The mathematical forge

Let us look at how these indices were forged.


Let us begin by analyzing each term of the formula before analyzing the formula as a whole.

The formula used to calculate the humidex is:

H = H(T, h) = T + h, où { H is humidex index, T is temperature in °C, h = (5 / 9)(e - 10), e is the water vapor pressure in millibar (mbar) }

The water vapor pressure is calculated using a modified version of the Clausius-Clapeyron formula. Without going into details, the only variable in this formula is the dewpoint. The dewpoint is itself a function of the temperature and the relative humidity. This implies that the humidex H is calculated according to two measurements:

H(T,h) and h(dew point) ⇒ H = H(T, dew point); H(T, dew point) and dew point(T, % of humidity) ⇒ H = H(T, % of humidity)

Up to now, everything is ok.

Let us look at the work done with the water vapor pressure (e) expressed in millibars:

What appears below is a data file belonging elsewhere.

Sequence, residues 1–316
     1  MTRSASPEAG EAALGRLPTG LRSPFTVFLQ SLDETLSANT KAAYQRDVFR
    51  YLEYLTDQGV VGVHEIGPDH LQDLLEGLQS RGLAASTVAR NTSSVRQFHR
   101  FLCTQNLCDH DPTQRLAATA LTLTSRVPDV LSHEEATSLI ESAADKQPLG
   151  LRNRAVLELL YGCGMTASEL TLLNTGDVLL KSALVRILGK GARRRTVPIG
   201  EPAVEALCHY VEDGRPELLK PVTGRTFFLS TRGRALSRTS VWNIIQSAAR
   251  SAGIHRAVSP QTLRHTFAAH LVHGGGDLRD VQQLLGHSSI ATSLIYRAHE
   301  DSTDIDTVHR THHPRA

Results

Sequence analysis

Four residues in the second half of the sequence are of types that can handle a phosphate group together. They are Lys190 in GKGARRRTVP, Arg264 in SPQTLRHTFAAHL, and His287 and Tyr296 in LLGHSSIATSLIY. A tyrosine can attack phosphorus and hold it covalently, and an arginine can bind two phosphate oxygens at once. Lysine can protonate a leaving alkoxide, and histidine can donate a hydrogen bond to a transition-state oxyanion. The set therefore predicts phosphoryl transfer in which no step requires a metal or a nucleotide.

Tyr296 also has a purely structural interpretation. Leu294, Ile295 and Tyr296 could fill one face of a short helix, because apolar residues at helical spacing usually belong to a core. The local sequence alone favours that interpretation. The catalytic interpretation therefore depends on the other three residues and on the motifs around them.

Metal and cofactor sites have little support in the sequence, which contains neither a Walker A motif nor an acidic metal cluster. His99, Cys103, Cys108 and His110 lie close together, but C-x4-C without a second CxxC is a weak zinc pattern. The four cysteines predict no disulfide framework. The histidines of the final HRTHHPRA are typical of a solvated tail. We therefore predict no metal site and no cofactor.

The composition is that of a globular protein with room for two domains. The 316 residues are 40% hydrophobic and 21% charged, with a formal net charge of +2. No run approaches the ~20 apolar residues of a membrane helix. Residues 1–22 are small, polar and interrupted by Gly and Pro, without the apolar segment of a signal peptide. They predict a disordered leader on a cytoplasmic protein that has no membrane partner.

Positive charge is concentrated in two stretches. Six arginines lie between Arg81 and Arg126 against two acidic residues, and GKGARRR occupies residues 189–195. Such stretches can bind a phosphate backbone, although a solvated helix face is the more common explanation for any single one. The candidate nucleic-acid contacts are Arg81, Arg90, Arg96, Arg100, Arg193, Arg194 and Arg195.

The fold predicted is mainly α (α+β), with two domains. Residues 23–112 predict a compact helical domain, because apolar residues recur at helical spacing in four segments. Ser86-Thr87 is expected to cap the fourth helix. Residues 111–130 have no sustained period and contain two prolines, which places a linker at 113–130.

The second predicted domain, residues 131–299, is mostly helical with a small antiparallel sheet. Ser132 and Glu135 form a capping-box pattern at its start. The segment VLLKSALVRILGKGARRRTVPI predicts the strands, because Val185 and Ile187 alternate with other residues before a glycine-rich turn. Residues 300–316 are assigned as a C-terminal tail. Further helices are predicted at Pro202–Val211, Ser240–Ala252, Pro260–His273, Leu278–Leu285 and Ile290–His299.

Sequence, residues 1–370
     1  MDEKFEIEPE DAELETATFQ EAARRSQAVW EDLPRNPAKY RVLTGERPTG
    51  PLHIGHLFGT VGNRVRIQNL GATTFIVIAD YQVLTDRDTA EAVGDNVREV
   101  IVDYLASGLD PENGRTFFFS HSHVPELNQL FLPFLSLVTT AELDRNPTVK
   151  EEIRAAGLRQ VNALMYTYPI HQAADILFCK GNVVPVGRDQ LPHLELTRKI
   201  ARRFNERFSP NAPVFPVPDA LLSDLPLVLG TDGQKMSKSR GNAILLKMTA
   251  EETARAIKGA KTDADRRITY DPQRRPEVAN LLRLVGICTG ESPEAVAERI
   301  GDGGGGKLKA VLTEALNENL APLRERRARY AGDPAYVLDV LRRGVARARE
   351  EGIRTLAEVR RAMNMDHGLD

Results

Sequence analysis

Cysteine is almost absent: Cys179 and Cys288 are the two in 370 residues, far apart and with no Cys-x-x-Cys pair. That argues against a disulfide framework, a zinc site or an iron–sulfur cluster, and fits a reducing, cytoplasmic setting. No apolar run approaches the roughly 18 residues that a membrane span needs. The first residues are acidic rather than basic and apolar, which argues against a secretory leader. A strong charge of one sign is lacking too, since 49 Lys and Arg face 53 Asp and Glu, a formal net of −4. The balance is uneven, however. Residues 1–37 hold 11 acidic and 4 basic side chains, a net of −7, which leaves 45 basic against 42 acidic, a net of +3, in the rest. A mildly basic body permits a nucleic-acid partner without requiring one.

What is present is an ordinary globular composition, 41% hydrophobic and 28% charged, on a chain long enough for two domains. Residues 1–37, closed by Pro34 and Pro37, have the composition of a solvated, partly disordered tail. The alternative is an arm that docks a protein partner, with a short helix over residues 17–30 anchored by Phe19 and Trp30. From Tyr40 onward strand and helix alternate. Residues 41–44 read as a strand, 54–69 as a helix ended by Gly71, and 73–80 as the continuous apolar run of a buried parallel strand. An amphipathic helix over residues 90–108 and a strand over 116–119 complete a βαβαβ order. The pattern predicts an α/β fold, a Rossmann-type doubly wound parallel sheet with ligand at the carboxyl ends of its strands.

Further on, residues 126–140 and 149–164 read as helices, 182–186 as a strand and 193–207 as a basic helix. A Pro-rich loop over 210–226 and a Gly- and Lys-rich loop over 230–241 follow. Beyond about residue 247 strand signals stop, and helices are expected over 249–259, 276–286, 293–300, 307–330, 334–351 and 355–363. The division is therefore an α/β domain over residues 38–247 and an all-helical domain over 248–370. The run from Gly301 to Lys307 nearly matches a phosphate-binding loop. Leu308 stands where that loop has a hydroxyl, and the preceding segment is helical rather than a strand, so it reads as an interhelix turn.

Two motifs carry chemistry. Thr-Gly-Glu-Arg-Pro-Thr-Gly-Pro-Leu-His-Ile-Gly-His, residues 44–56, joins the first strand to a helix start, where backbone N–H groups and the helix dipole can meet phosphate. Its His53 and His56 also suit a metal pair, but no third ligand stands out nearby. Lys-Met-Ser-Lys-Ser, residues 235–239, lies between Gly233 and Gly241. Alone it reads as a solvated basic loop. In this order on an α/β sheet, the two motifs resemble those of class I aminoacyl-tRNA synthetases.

(e - 10)

First of all, the number 10 is subtracted from it. But 10 is a scalar, i.e. it is unitless, and yet is subtracted from a quantity in millibars. As school children know it is incorrect to add (or subtract) values which do not have the same units. 4 apples + 5 oranges = ?

Why choose 10? Because the vapor pressure of water is always higher than 10 millibars for temperatures higher than 7°C. This implies that:

∀ T > 7°C, (e - 10) > 0; ⇒ h > 0; ⇒ H > T

In other words, from the moment the temperature is higher than 7°C, the humidex will always be higher than the ambient temperature. It is a desired result since the humidex must represent our feeling that the temperature is higher. The humidex formula allows this to be the case. A judicious choice, but, a choice nonetheless. One could have taken 9 or 11 but they chose 10.

Let us note that for temperatures lower than 7°C, the humidex formula gives a value lower than the ambient temperature. Thus the basic assumption that it feels hotter as moisture increases is not met. For this reason, use of the humidex is restricted to summer.